New photo exhibition explores public and private identity

The idea of belonging is a theme seen in Kurland’s own work, namely her iconic series Girl Pictures, which reflected on the unspoken bond between young women.
I Belong to This is on display at Huxley-Parlour Gallery, London until October 16; huxleyparlour.com

Top: A Slight Grip, A Gentle Hold, 2020 by Calafia Sanchez-Touzé. Above: My Son’s Leg was in Plaster by Annie Hsiao Ching Wang. All images courtesy the artists and Huxley-Parlour Gallery

One of the most compelling bodies of work in the exhibition comes from Annie Tsiao Ching Wang, who annually photographs herself and her son in front of portraits taken the previous year, forming a mise-en-abyme that shows the passing of time over the course of 20 years.
“Photography, here, works in resistance to harmful power dynamics by creating new rhizomatic pathways to knowledge in a pact between camera operator, subject, and viewer. These acts allow us to recognise ourselves through and among others.”

Untitled (Surrogate Skin), 2016 by Keisha Scarville
I Held My Mother by Cheryl Mukherji

I Belong to This is a new exhibition at London’s Huxley-Parlour Gallery featuring the work of 17 artists, whose practice examines the relationship between who were are in private versus who we are in public, and the various threads that bond people together.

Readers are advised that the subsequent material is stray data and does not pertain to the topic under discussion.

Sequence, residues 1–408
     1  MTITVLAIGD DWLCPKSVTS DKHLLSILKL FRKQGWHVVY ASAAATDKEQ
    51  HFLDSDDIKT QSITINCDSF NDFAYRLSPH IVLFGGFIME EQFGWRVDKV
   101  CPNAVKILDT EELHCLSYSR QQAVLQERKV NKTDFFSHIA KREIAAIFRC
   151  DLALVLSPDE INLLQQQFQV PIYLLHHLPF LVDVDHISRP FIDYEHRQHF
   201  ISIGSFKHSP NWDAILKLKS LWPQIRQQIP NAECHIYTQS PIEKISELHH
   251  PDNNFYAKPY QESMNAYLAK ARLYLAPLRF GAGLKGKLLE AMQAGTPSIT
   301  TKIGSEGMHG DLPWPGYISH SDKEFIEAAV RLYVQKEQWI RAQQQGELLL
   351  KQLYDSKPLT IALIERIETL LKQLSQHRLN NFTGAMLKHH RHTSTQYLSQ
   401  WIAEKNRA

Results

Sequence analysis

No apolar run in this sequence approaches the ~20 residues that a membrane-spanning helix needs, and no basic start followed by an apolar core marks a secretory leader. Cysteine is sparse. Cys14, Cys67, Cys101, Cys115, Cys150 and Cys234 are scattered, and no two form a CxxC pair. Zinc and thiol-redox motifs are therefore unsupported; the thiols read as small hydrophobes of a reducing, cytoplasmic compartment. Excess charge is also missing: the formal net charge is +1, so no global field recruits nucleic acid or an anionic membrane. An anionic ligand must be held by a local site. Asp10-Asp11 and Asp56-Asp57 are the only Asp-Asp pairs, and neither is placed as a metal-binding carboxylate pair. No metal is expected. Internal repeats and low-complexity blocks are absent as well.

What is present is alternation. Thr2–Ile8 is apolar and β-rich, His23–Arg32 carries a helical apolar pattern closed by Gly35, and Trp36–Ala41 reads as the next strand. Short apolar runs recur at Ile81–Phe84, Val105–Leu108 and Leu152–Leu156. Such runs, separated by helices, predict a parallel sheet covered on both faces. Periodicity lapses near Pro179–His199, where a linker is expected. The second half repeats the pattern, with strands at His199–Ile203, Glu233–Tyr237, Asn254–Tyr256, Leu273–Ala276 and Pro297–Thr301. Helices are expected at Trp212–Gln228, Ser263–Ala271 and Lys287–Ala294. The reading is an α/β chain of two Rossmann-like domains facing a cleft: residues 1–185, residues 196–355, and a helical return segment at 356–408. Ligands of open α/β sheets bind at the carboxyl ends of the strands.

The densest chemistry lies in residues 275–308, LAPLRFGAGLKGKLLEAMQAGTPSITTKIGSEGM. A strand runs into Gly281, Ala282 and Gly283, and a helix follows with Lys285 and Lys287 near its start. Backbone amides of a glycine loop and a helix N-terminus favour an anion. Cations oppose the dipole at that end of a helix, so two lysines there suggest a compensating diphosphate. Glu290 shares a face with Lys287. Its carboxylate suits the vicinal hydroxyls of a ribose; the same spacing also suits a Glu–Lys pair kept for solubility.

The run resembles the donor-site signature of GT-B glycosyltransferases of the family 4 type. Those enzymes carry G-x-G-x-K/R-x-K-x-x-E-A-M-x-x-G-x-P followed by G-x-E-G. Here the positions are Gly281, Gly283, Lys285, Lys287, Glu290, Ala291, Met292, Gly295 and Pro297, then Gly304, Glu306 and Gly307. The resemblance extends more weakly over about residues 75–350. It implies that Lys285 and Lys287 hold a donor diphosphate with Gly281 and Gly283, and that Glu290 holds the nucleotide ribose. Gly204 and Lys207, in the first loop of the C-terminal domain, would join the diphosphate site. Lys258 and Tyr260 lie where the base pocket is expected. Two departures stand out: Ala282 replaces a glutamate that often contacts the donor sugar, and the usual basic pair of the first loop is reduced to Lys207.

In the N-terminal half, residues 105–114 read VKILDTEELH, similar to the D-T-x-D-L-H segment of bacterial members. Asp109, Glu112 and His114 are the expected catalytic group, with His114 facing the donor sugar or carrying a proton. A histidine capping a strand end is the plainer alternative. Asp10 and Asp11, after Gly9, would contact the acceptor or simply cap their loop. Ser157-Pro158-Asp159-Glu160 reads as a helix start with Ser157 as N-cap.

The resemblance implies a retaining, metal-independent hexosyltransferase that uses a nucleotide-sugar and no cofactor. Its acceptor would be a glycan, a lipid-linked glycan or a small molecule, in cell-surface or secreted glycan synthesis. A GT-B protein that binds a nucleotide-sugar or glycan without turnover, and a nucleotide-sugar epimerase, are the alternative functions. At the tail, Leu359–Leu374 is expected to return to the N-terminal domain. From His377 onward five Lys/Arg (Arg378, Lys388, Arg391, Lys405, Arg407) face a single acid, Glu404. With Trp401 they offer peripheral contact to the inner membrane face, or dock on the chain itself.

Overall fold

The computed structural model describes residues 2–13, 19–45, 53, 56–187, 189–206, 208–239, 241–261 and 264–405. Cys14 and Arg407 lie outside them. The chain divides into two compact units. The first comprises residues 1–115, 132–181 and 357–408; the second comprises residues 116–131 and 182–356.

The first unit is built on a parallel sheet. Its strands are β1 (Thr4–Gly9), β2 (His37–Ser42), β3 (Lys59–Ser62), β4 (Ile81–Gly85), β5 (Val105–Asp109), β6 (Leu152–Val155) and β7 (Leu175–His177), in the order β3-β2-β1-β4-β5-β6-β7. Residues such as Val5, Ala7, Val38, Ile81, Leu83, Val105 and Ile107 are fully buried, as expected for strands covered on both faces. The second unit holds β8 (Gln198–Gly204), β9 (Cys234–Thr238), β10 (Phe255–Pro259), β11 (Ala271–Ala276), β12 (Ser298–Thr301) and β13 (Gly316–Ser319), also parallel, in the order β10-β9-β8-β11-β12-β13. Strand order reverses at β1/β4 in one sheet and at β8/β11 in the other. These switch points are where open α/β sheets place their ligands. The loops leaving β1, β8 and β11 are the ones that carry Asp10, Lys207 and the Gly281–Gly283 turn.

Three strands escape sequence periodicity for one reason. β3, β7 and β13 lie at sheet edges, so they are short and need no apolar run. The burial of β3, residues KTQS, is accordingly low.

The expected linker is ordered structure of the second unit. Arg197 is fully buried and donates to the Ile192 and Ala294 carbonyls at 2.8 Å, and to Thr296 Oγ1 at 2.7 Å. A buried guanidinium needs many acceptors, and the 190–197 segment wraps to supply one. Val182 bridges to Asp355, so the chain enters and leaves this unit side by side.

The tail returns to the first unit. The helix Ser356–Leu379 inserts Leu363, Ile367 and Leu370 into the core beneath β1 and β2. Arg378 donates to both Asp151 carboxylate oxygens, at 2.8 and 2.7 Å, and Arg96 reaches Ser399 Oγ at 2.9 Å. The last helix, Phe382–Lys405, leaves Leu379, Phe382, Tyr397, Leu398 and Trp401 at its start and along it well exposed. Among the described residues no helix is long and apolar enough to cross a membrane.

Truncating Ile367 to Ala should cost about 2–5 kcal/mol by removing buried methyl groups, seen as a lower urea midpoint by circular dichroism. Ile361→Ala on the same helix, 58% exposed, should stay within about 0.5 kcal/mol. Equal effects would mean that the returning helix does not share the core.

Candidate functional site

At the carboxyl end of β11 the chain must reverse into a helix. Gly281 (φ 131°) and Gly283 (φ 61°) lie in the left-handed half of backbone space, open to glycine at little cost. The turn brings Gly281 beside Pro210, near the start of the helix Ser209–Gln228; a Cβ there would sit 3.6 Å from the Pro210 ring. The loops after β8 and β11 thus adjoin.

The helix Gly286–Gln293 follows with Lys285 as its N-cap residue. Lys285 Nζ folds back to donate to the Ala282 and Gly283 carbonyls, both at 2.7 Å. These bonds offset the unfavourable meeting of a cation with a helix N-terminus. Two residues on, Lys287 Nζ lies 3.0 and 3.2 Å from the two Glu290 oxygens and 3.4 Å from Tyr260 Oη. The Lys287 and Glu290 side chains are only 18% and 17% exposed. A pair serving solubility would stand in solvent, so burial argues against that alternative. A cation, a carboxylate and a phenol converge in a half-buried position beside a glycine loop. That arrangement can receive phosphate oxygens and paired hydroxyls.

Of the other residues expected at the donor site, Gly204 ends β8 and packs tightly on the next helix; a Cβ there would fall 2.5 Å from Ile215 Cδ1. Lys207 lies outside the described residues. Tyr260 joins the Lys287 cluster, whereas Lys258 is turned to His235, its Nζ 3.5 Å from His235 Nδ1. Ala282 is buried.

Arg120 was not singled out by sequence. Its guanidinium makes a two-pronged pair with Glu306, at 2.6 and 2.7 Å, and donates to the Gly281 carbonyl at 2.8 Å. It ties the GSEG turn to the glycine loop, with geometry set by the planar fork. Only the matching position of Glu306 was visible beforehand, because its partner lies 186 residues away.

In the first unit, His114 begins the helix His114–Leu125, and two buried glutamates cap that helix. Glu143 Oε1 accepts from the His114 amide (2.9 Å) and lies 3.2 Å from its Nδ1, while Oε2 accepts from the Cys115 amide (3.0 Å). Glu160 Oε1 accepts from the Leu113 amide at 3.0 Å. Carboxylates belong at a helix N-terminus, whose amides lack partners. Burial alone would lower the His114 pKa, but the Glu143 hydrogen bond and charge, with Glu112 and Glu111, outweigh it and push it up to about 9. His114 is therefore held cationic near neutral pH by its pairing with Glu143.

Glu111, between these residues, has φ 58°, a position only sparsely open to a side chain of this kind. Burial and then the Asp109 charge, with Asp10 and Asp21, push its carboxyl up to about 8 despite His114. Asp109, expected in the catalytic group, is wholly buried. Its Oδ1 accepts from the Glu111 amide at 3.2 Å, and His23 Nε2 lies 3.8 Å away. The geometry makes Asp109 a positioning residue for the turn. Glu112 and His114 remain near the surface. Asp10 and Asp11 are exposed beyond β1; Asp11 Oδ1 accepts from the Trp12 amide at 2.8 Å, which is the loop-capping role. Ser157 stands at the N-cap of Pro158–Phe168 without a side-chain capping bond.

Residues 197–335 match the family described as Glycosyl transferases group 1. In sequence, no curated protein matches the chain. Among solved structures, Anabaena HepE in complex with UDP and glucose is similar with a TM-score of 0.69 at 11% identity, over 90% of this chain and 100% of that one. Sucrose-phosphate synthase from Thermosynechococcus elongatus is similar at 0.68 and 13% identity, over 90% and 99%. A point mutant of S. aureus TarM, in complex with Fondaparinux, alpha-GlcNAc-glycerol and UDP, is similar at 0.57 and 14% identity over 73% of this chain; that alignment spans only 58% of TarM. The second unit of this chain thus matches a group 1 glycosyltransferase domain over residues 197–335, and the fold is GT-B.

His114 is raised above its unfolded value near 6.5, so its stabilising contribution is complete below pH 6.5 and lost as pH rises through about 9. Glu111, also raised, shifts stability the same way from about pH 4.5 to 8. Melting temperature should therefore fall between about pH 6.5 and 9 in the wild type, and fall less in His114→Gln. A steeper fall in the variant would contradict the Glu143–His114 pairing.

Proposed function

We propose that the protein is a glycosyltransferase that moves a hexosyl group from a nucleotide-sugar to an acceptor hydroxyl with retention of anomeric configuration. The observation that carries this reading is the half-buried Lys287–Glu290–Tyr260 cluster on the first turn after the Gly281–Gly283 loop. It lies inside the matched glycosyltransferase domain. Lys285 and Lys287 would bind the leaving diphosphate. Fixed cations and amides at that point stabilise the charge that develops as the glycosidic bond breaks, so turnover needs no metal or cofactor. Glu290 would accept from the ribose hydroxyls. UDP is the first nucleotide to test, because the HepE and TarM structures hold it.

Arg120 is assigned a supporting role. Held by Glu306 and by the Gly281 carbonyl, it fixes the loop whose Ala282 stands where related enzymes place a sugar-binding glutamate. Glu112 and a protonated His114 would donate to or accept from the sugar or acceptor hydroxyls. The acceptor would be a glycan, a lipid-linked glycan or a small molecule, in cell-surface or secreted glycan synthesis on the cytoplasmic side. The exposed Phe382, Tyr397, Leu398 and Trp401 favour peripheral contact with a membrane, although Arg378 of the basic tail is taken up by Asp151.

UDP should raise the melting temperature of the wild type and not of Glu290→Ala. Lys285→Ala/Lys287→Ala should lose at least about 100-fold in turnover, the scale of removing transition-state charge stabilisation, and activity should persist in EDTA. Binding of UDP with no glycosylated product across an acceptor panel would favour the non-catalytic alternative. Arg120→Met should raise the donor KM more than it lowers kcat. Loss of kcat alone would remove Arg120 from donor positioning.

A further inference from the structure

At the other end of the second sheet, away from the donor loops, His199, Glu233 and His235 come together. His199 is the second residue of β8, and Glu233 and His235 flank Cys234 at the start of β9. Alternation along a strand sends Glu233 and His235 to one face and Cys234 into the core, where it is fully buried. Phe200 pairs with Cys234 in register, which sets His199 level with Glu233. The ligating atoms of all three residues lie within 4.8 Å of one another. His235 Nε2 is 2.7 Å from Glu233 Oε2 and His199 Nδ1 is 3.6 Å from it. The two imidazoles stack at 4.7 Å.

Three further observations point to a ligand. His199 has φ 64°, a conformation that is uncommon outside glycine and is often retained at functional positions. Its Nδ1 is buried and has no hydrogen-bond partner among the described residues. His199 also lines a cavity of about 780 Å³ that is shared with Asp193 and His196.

Family is central to much of the exhibition. Naima Green evokes the idea of chosen family in portraits of her queer community, while Keisha Scarville and Cheryl Mukherji both create a dialogue with their mothers through the use of fabrics and embroidery. The former wraps herself in her late mother’s clothes, while the latter stitches her mother’s words over the top of an image of her, in one of many archival photographs seen throughout the exhibition.

Blue Poppies, 2021 by Jacky Marshall
Peggy, Hibachan and Miki, 2020 by Sydney King
Ecstatic Justice, from the series Thrall by Qiana Mestrich, 2020. Image courtesy SepiaEYE and Huxley-Parlour Gallery

These artists “consistently refuse an emblematic or fixed identity. Instead, they have squeezed, smeared, and repurposed their DNA into a family album without limit, resurrected ancestors, and activated psychic space in order to give shape to their experience,” Kurland says.